(Beyond Pesticides, August 12, 2010) In an effort to convince NStar Electric and Gas Corporation to stop using herbicides on rights-of-way, like-minded environmental activists, citizen groups and business owners formed a coalition on Cape Cod: “Cape Cod for a Truly Green NSTAR.” Due to the increased pressure from local activists and residents, NStar made an agreement with regionally planning authority, Cape Cod Commission to postpone the use of herbicides on rights-of-way until 2011. The Commission reasoned that with more time, Cape towns could develop maps to identify areas and drinking water supplies more sensitive to herbicide use. Several organizations and business have signed on to the coalition in support of a ban on herbicides along rights-of-way, such as Clean Water Action, Cape Cod Organic Gardeners, the Massachusetts Breast Cancer Coalition, and the Sierra Club (see the full list online). Ever since NStar started using herbicides in 2004, local residents have worried about potential contamination of the Cape’s underground drinking water supply. Even though NStar has a “green” commitment statement on its website, pledging to lessen impacts to the environment as much as possible, the coalition argues that the company’s use of herbicides on rights-of-way violates this promise. NStar representative Michael […]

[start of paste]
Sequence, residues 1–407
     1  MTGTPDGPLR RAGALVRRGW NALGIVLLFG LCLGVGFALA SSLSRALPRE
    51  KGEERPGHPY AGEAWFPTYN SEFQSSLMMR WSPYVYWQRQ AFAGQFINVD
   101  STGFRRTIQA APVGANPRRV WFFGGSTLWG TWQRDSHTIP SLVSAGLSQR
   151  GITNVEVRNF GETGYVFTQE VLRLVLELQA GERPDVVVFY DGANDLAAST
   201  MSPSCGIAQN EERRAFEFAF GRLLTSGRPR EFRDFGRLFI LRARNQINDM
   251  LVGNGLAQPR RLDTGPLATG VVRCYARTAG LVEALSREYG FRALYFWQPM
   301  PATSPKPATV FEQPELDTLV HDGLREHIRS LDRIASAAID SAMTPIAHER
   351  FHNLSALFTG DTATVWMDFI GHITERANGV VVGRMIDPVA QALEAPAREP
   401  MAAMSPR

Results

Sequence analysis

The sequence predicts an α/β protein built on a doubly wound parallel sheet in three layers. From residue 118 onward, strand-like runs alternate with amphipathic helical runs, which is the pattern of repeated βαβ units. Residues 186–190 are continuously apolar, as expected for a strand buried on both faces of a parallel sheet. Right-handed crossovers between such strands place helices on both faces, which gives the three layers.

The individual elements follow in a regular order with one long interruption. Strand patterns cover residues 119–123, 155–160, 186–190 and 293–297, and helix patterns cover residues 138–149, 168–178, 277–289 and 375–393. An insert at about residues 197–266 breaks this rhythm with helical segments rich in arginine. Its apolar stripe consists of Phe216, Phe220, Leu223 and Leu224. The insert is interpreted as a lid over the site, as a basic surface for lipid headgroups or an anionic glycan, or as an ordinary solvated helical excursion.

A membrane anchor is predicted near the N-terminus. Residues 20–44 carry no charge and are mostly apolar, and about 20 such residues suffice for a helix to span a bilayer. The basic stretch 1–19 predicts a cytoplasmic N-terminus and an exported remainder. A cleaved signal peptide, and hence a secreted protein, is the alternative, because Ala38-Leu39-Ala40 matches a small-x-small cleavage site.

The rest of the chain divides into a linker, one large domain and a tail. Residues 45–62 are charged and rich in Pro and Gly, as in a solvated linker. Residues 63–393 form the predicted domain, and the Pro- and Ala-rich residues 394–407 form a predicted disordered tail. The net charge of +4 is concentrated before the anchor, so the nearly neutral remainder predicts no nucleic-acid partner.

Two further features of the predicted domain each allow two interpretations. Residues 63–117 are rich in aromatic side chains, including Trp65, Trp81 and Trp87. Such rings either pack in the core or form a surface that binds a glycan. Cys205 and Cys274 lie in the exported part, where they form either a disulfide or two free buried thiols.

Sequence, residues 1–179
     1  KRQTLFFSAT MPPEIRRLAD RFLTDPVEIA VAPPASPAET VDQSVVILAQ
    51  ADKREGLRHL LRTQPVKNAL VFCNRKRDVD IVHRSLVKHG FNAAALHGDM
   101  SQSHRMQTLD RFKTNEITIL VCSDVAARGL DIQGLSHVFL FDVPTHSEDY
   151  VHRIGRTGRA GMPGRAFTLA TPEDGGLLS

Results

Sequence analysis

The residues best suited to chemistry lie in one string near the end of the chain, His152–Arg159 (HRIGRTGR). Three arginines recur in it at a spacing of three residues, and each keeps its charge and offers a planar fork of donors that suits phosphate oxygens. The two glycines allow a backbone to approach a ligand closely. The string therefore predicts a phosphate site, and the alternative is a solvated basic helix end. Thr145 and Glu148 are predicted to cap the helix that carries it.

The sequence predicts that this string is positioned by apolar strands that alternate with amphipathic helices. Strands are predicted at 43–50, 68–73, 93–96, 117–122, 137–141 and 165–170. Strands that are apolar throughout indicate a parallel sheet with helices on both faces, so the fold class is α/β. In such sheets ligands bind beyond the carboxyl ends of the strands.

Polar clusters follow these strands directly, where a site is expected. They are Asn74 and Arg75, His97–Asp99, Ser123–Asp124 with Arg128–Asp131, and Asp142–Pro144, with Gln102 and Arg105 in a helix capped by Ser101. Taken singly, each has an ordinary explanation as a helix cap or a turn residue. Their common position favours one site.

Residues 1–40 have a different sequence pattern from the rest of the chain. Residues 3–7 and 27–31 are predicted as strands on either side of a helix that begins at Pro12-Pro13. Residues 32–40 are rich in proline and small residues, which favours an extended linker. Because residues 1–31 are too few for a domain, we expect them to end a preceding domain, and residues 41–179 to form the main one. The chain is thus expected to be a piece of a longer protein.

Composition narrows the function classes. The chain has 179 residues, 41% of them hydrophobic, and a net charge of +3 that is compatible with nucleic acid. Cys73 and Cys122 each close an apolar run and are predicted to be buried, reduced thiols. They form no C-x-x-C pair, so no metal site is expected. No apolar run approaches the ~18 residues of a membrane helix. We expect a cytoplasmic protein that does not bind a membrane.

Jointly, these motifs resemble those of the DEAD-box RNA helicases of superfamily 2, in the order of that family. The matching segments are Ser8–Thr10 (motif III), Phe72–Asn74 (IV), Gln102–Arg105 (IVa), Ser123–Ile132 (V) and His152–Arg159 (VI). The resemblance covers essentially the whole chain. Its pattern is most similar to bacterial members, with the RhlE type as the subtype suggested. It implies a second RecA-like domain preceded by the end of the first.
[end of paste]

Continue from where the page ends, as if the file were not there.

Maine Towns Restrict Lawn Chemicals

(Beyond Pesticides, August 4, 2010) Several coastal towns in Maine, concerned about water contamination and the potential for the effects on aquatic life, have adopted restrictions on lawn chemicals. Pesticide opponents praise towns for cutting back on pesticide use but say that a ban on private use would make a bigger difference. Ogunquit is among the growing number of Maine towns that are restricting the use of lawn chemicals from municipal property because of environmental and public health concerns. About two dozen other communities have adopted some form of pesticide limits, including Brunswick, Castine and Harpswell. There are common traits among the towns that are limiting pesticides. They tend to have affluent residents that do more lawn care applications employing lawn care companies. Mike Horn, chair of Ogunquit’s Conservation Commission, helped to guide the pesticide restriction to passage at last year’s town meeting. Mr. Horn is worried about lawn chemicals such as phoshorous and nitrogen running downhill during rain. “What is going to happen if this level of pesticides just continues to rise and people’s lawns are just running, you’re just putting a big nail in Mother’s nature’s foot,” said Mr. Horn. He added that by protecting the environment, the […]



EPA Awards Citizens Group for Successfully Banning Pesticide Use in Its Community